And after the poet has sung further of the difficulty of expressing what the god of love has said to him, he describes the being he loves in the following words:


"Such things appear within her fair aspect

As show they bear the joys of paradise

I mean, both in her smile and in her eyes,

Where Love brings them as if he brought them home."


It seems very clear. A poet has written a love poem. And it is certain that, if this poem were to be published anonymously somewhere today (it could easily be a contemporary poem by one of our better poets), people would say, "What a star he must have found to describe his beloved in such wonderful verses!" And truly the beloved might well feel congratulation at being addressed in this way:


"Such things appear within her fair aspect

As show they bear the joys of paradise

I mean, both in her smile and in her eyes,

Where Love brings them as if he brought them home."


This poem was not written in our time. If it had been, and the critics discovered it, they would say, "What a deeply felt, direct, concrete living relation! It is astonishing how someone who can write poetry from the soul's depths, as only our most modern poets can, how such a poet can say something in which no mere abstraction, but a direct, concrete presentment of the beloved, speaks to us and becomes a manifest reality." A critic today might say such a thing. This poem was not written today, however, but was written by Dante. And the modern critic, knowing that now, would perhaps say, "The poem must have been written by Dante when he was passionately in love with Beatrice (or someone else), and this is another example how a great figure enters life through immediate experience, far removed from any concepts or ideas." Perhaps we could even find a modern critic who would say, "People should learn from Dante the possibility of rising to the highest celestial spheres, as we do in The Divine Comedy; and still be able to feel a direct, living connection between one human being and another." As fortune would have it, however, Dante himself wrote an explanation of this poem and identified the woman about whom he wrote those beautiful words:


"Such things appear within her fair aspect

As show they bear the joys of paradise

I mean, both in her smile and in her eyes,

Where Love brings them as if he brought them home."


Dante himself told us - and I don't think any modern critic will deny that Dante knew what he wanted to say - that the beloved lady, with whom he had so direct and personal a relationship, was none other than Philosophy. Dante says that when he speaks of the lady's eyes and says that what they say is no lie, he means the evidence of truth; and by her "smile," he means the art of expressing the truth communicated to the soul; and by "love," or amor; he means scientific study � the love of the truth. Dante explicitly says that when his personal beloved Beatrice was torn from him, and he was required to continue without a personal relationship, it was the lady Philosophy who drew near to his soul, full of compassion and more human than any human thing. And - feeling in his soul's depths that her "eyes" represent the evidence of truth, her "smile" the truth communicated to his soul, and "love" the love of the truth, cognitive life, or scientific study - Dante could say of this lady, Philosophy:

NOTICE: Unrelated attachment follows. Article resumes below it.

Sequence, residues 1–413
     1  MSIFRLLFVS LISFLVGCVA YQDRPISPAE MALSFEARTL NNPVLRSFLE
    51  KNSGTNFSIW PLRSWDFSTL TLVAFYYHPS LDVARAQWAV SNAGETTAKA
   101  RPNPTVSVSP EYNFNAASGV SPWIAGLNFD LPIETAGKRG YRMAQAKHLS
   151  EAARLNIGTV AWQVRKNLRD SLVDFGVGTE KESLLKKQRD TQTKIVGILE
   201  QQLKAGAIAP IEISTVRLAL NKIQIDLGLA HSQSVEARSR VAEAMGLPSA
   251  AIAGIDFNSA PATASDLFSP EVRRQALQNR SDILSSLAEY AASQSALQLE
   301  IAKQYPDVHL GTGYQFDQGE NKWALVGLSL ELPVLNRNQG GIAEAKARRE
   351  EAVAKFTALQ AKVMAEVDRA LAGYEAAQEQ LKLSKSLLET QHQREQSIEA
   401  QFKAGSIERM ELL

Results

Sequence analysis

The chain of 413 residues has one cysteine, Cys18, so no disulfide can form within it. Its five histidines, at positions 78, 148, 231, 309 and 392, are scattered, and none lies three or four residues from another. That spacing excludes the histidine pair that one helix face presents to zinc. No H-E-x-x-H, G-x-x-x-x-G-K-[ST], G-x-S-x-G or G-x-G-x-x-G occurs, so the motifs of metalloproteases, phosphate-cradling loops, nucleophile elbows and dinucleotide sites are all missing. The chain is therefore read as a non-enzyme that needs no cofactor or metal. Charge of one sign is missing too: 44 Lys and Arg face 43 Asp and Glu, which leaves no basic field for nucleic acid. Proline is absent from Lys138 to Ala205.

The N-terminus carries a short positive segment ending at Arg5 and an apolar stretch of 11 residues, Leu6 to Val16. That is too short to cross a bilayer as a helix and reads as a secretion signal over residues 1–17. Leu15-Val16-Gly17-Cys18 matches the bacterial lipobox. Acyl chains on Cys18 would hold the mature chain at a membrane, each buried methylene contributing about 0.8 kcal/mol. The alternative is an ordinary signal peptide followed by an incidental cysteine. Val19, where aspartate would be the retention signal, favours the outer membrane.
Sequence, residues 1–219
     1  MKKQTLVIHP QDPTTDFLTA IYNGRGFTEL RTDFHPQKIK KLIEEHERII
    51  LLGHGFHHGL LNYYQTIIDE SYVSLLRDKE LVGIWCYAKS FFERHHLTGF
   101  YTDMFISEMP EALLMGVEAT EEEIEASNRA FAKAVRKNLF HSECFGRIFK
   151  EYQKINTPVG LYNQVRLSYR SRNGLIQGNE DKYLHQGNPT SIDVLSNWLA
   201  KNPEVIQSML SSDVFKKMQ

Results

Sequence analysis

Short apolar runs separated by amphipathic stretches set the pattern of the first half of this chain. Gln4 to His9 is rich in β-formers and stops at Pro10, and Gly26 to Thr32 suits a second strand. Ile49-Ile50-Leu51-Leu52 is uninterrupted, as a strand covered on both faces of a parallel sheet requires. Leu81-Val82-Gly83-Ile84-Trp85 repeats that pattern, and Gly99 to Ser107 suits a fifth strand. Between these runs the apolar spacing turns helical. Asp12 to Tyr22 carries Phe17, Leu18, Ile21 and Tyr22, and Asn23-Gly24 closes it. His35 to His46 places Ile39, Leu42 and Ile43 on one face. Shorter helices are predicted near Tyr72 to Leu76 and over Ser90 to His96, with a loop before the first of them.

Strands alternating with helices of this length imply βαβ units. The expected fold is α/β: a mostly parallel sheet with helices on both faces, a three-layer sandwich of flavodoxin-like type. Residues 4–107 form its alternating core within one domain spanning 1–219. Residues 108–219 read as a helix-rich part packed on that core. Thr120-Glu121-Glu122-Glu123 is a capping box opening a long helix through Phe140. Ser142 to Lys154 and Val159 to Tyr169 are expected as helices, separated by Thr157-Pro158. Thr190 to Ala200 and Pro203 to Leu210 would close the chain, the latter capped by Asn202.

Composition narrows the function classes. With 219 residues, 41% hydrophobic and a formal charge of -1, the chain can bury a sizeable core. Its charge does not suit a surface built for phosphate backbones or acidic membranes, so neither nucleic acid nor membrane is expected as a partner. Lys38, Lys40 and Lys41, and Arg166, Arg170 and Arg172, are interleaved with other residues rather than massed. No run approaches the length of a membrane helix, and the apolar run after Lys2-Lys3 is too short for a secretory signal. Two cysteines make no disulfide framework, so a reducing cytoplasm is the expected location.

"Such things appear within her fair aspect

As show they bear the joys of paradise

I mean, both in her smile and in her eyes,

Where Love brings them as if he brought them home."


One thing is clear; a modern poet cannot easily address philosophy with real honesty in such directly human language. If a modern poet were to do so, the critics would seize that poet by the collar and say, "No more formal allegories." Even Goethe had to suffer many people taking the allegories in Part II of Faust in the wrong spirit.


People who do not know how the times - into which our soul is ever growing with new life-change, lack any idea that Dante was just one (among many) of those with the capacity for a concrete experience of a passionate and personal relationship, immediate and of the soul, with Lady Philosophy, such as we today can feel only toward a man or woman of flesh and blood. In this sense, Dante's time is past. The modern soul no longer approaches Lady Philosophy - the woman, Philosophy � as a being of the same, fleshly nature as itself as Dante did. Or perhaps it is somewhat closer to the honest truth to say that Philosophy was something, or someone, who went around as a being of flesh and blood-someone with whom one could have a relationship, the expression of which could not really be distinguished from the intense words of love one would use in relation to a being of flesh and blood. Whoever enters into the whole relationship Dante had with philosophy knows that this relationship was concrete, the kind that modern human beings can only imagine between a man and a woman.